Third Studio Album,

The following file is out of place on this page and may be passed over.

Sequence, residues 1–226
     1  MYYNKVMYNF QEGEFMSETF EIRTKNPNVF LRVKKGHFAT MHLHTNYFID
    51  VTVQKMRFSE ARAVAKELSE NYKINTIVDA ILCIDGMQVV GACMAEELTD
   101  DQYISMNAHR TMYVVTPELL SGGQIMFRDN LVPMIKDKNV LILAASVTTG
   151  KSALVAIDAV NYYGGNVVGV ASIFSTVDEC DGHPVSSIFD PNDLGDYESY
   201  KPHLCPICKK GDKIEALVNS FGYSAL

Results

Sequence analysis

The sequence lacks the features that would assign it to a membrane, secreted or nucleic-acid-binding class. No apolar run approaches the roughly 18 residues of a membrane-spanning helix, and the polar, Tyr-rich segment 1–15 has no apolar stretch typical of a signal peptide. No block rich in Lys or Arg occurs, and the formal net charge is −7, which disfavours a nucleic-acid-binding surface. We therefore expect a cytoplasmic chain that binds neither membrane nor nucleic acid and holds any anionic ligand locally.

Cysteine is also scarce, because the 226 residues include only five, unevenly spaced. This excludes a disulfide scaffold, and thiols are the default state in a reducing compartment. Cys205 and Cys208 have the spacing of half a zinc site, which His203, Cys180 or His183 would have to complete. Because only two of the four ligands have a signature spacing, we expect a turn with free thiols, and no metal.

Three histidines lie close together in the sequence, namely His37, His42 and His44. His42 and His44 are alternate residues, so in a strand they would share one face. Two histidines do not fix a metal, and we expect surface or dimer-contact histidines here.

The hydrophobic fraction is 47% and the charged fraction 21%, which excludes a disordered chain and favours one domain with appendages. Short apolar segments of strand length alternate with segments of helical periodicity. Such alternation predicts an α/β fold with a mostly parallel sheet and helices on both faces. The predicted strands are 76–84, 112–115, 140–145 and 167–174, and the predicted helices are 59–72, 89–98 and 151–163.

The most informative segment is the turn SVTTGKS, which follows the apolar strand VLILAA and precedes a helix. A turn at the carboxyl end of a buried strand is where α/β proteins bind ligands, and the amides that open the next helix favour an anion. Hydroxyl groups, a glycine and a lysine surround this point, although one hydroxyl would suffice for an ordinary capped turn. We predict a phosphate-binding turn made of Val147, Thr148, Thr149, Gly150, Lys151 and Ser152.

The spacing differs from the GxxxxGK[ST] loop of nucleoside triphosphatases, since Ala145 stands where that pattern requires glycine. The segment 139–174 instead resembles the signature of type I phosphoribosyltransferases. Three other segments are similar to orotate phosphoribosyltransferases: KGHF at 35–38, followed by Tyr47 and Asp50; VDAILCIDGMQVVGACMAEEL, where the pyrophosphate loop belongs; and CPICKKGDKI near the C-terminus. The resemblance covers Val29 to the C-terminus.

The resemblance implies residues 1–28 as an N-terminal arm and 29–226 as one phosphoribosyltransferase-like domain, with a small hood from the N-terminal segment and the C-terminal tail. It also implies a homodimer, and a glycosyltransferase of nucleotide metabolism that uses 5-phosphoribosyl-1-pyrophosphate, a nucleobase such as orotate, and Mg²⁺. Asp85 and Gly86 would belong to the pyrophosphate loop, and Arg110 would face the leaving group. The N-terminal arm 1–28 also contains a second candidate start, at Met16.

Brown card by Wanlov the Kubolor the African Gypsy, released March 12, 2011, speaks about his musical exhibitions of his heritage. He speaks about not only his Ghanaian roots but Romanian as well. His personality and sense of humor both show in several songs and clearly the use of African entrenched instruments such as Bongos, Drums, Beats, and a combined melody of guitar, accordion, and violins. Track 1: Nkrumah pikin, is an intro that is a basic description of himself. As we can see it also includes the name Nkrumah which is short for Kwame Nkrumah, who he thanks on behalf of his family for letting his father go to Romania and meet his mother in order for them to give birth to Wanlov. His 2nd track: African Gypsy, is a fast pace song which includes a description of him and his trail or his pathway in who he is today. This track features Keziah Jones, a Nigerian singer, songwriter, and guitarist. He released 7 studio albums and is well known in the African hip-hop community under the funk genre. Together, they make dynamic duo and a terrific song. Track 3: My funky story, is a jazzed based song featuring Kossa is really basic and its self-explaining title says it all. The song is a description about his time in Africa. Track 4: Chewing Stick, is Wanlov’s outcry to his woman about where his toothbrush is. A Chewing stick is utilized for oral hygiene for thousands of years in the Middle East, Africa and Asia. Wanlov has this weeping sobbing tone asking about his Chewing Stick. One of my personal favorites Track 5: Spr Mi Dat, may be hard to understand at first but, its speaks about the squalor Wanlov encounters. He tells several stories about women in this one that he ends with a basic “spare me that” in other words just don’t give me extra’s. Track 6: Vino La Mine, featuring Jerome Soulas is a classic sound of Bongos and Caja Drums. This track is about Wanlov’s heritage, being comfortable who he is, and his multicultural background. Track 7: Come Play, sounds like a very jazzy hit that would make any one get up and dance. This track features a singer named Sena, whose vocals match the harmony of the band very well. Wanlov is describing a woman and himself in several acts of his possible future. Track 8: Sticks and Tones, is about Wanlov planting seeds, conquering mountains, and excelling at the things he describes. It designates his basic ideals about being use to who he is, not going to change, and not letting anyone put him down. This is a very uplifting song. Track 9: Romania, sings a wonderful tune about his mother’s homeland. It is believed to be one of the most beautiful places as a repetitive voice sings “Romania”. Track 11: Pentru Mama, is a soft focused tune about his dedication to his mother. This song reminds me of Kanye’s Dedication to his mother because of their use in describing their mom’s which many Africans and African Americans can relate. Track 13: Casa Mea is another track hard to understand I do believe it’s about his home, where and how he grew up. Track 14: String Theory, Track 15: Nxt Life, is how Wanlov describes his introduction coming into his “next life” saying it will be much better and all positive things. Track 16: Sleepy Sheep, is Wanlov coming at peace with his album. What a way to end it incorporates basic parts from each song. He says portions about Romania, his mother, his home, his background, his accomplishments, and himself. Well everything except his toothbrush!